7 Jan – Memorial for St. Raymond of Penyafort, priest
St. Raymond (1175-1275) was of Aragonian nobility. He was educated at the cathedral school in Barcelona, and became a philosophy teacher at the age of 20. He was a priest. He graduated from law school in Bologna, Italy, and joined the Dominicans in 1218. He was summoned to Rome in 1230 by Pope Gregory IX, and assigned to collect all official letters of the popes since 1150. Raymond gathered and published five volumes, and helped write Church law.
He was made Master General of the Dominicans in 1238. He reviewed the Order’s Rule, made sure everything was legally correct, then resigned his position in 1240 to dedicate himself to parish work. The pope wanted to make Raymond an archbishop, but he declined, instead returning to Spain and the parish work he loved. His compassion helped many people return to God through Reconciliation.
During his years in Rome, Raymond heard of the difficulties missionaries faced trying to reach non-Christians of Northern Africa and Spain. Raymond started a school to teach the language and culture of the people to be evangelized. With St. Thomas Aquinas, he wrote a booklet to explain the truths of faith in a way non-believers could understand. His great influence on Church law led to his patronage of lawyers.
- Patron Saint Index
1 John 4:7-10
My dear people,
let us love one another
since love comes from God
and everyone who loves is begotten by God and knows God.
Anyone who fails to love can never have known God,
because God is love.
God’s love for us was revealed
when God sent into the world his only Son
so that we could have life through him;
this is the love I mean:
not our love for God,
but God’s love for us when he sent his Son
to be the sacrifice that takes our sins away.
As Jesus stepped ashore he saw a large crowd; and he took pity on them because they were like sheep without a shepherd, and he set himself to teach them at some length. By now it was getting very late, and his disciples came up to him and said, ‘This is a lonely place and it is getting very late, So send them away, and they can go to the farms and villages round about, to buy themselves something to eat.’ He replied, ‘Give them something to eat yourselves.’ They answered, ‘Are we to go and spend two hundred denarii on bread for them to eat?’ How many loaves have you?’ he asked ‘Go and see.’ And when they had found out they said, ‘Five, and two fish.’ Then he ordered them to get all the people together in groups on the green grass, and they sat down on the ground in squares of hundreds and fifties. Then he took the five loaves and the two fish, raised his eyes to heaven and said the blessing; then he broke the loaves and handed them to his disciples to distribute among the people. He also shared out the two fish among them all. They all ate as much as they wanted. They collected twelve basketfuls of scraps of bread and pieces of fish. Those who had eaten the loaves numbered five thousand men.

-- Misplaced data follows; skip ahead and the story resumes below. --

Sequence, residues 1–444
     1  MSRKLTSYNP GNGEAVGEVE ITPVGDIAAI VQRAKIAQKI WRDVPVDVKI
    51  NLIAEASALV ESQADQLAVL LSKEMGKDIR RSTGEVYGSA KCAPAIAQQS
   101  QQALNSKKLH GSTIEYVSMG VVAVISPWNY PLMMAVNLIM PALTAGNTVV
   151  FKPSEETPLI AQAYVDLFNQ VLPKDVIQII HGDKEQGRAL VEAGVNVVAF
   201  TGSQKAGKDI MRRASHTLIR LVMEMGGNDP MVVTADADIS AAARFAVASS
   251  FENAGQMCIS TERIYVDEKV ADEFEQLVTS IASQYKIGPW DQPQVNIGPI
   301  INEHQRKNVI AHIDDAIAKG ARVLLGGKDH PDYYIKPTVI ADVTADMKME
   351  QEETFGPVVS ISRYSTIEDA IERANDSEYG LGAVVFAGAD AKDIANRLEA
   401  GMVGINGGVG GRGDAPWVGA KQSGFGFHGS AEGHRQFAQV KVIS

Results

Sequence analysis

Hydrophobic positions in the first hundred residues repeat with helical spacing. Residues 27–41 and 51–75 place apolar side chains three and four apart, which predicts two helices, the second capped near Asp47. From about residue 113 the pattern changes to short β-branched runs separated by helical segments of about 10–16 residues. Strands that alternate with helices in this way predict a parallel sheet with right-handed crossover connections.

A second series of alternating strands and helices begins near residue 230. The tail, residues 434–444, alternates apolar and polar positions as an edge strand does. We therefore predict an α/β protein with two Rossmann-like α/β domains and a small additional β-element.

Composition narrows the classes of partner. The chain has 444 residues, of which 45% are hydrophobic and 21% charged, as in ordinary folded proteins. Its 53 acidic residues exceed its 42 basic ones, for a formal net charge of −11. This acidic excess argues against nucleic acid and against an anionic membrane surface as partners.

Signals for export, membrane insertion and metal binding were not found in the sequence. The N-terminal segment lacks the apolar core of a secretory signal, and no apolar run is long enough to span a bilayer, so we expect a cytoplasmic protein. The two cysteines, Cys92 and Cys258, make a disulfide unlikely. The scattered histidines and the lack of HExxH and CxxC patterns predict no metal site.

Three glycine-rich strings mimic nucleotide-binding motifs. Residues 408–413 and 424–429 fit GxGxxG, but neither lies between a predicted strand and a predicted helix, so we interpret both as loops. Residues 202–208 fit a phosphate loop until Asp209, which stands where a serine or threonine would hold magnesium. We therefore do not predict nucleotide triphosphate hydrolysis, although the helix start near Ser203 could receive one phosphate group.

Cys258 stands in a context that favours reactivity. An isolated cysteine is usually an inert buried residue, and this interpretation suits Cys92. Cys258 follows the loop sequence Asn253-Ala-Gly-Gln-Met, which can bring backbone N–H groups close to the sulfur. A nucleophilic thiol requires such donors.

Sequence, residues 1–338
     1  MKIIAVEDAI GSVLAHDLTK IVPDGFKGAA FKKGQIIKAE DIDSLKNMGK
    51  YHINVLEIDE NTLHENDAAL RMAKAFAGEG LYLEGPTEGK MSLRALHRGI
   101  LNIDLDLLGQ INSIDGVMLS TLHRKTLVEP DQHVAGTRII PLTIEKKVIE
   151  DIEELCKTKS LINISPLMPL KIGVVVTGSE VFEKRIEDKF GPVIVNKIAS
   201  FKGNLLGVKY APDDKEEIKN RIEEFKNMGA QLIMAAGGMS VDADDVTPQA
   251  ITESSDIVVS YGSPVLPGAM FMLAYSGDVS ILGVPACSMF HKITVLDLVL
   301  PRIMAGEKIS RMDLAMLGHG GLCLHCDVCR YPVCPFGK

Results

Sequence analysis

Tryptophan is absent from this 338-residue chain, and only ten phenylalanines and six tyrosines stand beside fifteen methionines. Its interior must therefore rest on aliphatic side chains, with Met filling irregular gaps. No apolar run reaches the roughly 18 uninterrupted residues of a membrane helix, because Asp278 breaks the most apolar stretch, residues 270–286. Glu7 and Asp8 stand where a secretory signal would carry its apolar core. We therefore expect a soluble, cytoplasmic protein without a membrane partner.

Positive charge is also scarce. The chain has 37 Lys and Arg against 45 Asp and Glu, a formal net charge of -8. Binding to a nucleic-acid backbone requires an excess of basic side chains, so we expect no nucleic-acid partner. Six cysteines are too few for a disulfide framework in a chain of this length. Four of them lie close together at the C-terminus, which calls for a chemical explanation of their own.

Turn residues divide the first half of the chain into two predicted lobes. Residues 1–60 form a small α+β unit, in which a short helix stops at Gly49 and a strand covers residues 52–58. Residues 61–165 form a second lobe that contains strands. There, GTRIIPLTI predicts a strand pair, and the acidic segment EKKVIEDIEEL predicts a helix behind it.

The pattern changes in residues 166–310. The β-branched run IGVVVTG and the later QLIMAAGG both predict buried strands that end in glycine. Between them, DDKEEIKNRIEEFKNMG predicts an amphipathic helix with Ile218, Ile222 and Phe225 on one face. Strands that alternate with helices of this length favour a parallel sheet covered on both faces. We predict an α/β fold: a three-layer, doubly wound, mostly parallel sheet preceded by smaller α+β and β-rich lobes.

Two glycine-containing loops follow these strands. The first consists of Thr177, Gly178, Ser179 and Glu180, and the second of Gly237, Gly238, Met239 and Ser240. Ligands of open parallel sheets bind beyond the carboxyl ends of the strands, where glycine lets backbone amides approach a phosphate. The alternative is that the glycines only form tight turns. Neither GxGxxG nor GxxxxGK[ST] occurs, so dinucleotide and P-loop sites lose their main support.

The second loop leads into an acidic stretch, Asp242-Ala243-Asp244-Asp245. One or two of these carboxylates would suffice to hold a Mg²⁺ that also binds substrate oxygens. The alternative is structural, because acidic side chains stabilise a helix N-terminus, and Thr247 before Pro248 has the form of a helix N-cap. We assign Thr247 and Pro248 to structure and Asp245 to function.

Because God is love
Having just returned from the Holy Land filled with questions, trying to comprehend how Jesus could have gone ahead with his mission in the climate of the time he preached and walked the earth, I have been brought back to earth with a huge thud. This feeling began at our countdown mass on New Year’s Eve, when I had to lead a paraliturgy. I thought I had prepared sufficiently for it and had the prayers ready but as the time approached, I was in two minds — should I go with the rehearsed script? Or should I just lift the session to God?
In the end, I got through it with a mix of both and with some much-needed help from two (it could have been three) members of our young adult community, who stepped up to accompany our small team without being asked. As I turned to glance behind me when I heard a drum being played, a felt a wave of gratitude and my spirits were lifted just seeing the musicians bond with us, playing as one. I don’t think it would have happened under ‘normal circumstances’ — i.e. if it had been my ministry leading the session. The fact that we had a mix of prayer leaders from another ministry further drove home the point that as long as we are all united in love of God, it doesn’t matter who is leading or playing; because God simply takes over.
As a relatively young worship leader, I am still coming to grips with choice of appropriate songs, where and how to lead the congregation to in terms of a 30 or 45-min worship journey. Naturally, being open to feedback (constructive or otherwise) helps a lot and that itself takes a truly open, humble heart. Because it is the only way to be accepting of others and their opinions. This year, it is with such an open heart that I approached my division performance appraisals and I truly believe that it is why we went through a painless process, despite the fact that I was away for nearly two weeks.
Brothers and sisters, such is His immense love for us that what He wills for us would never take us to where His grace will not protect us. Today, at our ministry core meeting, a significant decision was taken where I, together with four others, am now placed in a position that requires me to have even more faith that He has a divine plan for all of us. I ask for your prayers over the next few weeks, months and years, that He will embolden, empower and enrich my spiritual journey as I allow Him to work in me.
(Today’s OXYGEN by Desmond Soon)
Prayer: Dear Lord, we ask for your kindness and mercy to always fill us as we discern the plans you have for each and every one of us.
Thanksgiving: Abba Father, thank you for all the situations you create for us to manifest your love to others.